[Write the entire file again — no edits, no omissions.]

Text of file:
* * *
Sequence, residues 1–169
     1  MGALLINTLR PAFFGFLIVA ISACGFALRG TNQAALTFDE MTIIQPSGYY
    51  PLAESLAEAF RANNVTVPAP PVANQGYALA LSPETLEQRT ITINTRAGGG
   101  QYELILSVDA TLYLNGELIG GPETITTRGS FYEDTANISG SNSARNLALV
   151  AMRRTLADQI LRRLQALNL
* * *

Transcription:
Sequence, residues 1–169
     1  MGALLINTLR PAFFGFLIVA ISACGFALRG TNQAALTFDE MTIIQPSGYY
    51  PLAESLAEAF RANNVTVPAP PVANQGYALA LSPETLEQRT ITINTRAGGG
   101  QYELILSVDA TLYLNGELIG GPETITTRGS FYEDTANISG SNSARNLALV
   151  AMRRTLADQI LRRLQALNL